The Vatican has said it is taking over the embattled Knights of Malta lay Catholic order in an extraordinary display of papal power after the Knights' grand master publicly defied Pope Francis in a bitter dispute over condoms.
The move marks the intervention of one sovereign state - the Holy See - into the governance of another, the Sovereign Military Order of Malta, an ancient aristocratic order that runs a vast charity operation around the globe.
The Vatican said Matthew Festing, 67, offered to resign as grand master on Tuesday during an audience with the pope, and that Francis had accepted it on Wednesday.
The statement said the order's governance would shift temporarily to the order's No 2 "pending the appointment of the papal delegate".
The naming of a delegate signals a Vatican takeover, harking back to the Vatican's previous takeovers of the Legion of Christ and Jesuit religious orders when they were undergoing periods of scandal or turmoil.
But those are religious orders that report directly to the Holy See.
The Knights of Malta is a sovereign entity under international law, making the Vatican intervention all the more remarkable.
Mr Festing had refused to co-operate with a papal commission investigating his ousting of the order's grand chancellor, Albrecht von Boeselager, over revelations that the Knights' charity branch had distributed condoms under his watch.
Mr Festing had cited the Knights' status as a sovereign entity in refusing to co-operate with what he said was an act of internal governance.
Many canon lawyers had backed him up, questioning the pope's right to intervene.
But Mr Festing's defiance had been fraught from the start, given that he took a promise of obedience to the pope as a top-level knight, and regardless was the leader of a prominent Catholic order who was entering into a public fray with the leader of the Catholic Church.
The spat unfolded against the backdrop of Francis's increasing clashes with more conservative elements in the church, especially those for whom sexual ethics and doctrinal orthodoxy are paramount.
The dispute had once again pitted Francis against Cardinal Raymond Burke, a leading conservative and Francis critic who also happens to be the pope's envoy to the order.
Cardinal Burke had been by Mr Festing's side on December 6 when Mr Festing first asked, then demanded Mr Boeselager's resignation.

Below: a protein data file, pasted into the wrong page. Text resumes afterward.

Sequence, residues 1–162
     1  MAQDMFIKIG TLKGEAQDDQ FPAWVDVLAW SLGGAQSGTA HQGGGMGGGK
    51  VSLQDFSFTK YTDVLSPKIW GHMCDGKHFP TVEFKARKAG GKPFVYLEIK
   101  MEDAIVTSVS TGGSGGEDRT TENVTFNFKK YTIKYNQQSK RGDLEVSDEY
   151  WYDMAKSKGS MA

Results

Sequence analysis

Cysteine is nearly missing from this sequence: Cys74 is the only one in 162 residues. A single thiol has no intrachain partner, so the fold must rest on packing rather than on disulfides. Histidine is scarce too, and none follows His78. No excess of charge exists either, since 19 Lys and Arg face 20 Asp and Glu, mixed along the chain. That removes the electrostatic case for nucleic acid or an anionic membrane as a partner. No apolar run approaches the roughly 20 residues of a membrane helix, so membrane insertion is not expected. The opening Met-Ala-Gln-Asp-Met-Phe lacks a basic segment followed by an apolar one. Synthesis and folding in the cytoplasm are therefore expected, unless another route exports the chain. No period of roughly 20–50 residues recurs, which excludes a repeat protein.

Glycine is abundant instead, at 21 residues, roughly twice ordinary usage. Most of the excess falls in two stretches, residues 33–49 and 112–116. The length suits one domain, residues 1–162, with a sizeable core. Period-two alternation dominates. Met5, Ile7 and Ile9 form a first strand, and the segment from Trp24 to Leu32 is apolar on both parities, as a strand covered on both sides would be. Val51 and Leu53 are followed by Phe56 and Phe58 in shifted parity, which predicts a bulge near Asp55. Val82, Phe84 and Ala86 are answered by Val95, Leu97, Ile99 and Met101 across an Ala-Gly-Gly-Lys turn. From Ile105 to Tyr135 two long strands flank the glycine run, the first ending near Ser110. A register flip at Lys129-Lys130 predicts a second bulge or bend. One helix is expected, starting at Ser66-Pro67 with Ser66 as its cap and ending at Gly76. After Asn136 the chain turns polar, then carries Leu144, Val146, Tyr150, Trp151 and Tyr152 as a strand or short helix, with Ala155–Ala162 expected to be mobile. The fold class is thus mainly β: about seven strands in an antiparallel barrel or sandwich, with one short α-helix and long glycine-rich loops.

Mr Boeselager refused, but was ousted two days later under a disciplinary procedure he contends violated the order's own rules.
Mr Boeselager had been the Knights' health minister when its charity branch Malteser International was found to have been involved in programmes that distributed thousands of condoms to poor people in Burma.
Church teaching forbids artificial contraception.
Mr Boeselager has said he stopped the programmes when he learned of them.
The order's leadership has said the scandal was grave, that Mr Boeselager had hidden the revelations of the programmes, and called it "disgraceful" that he had refused an order to obey Mr Festing and resign.
Mr Boeselager has challenged his removal, appealing to the Knights' internal tribunal.
Many of the order's members had lamented how the confrontation with the Holy See had drawn unwanted negative attention to the order, which relies on donations to fund its charity works around the globe.
Francis appointed a commission to investigate after Mr Boeselager said he had been told by Mr Festing, in Cardinal Burke's presence, that the Holy See wanted him to resign over the scandal.
The Vatican secretary of state has said the pope wanted nothing of the sort and wanted the dispute to be resolved through dialogue.
Last week, the Holy See said it expected the order to co-operate with its probe, and in a sharply worded statement said it planned to take action to resolve the dispute.
The Order of Malta has many trappings of a sovereign state, issuing its own stamps, passports and licence plates and holding diplomatic relations with 106 states, the Holy See included.
The Holy See, however, has a unique relationship with the order since it is a Catholic entity, and the pope appoints a cardinal to "promote the spiritual interests" of the order and its relationship with the Vatican.
Francis appointed Cardinal Burke to that position in 2014 after removing him as the Vatican's supreme court justice.
The knights trace their history to the 11th-century Crusades, with the establishment of an infirmary in Jerusalem that cared for people of all faiths.
It now counts 13,500 members and 100,000 staff and volunteers who provide healthcare in hospitals and clinics around the world.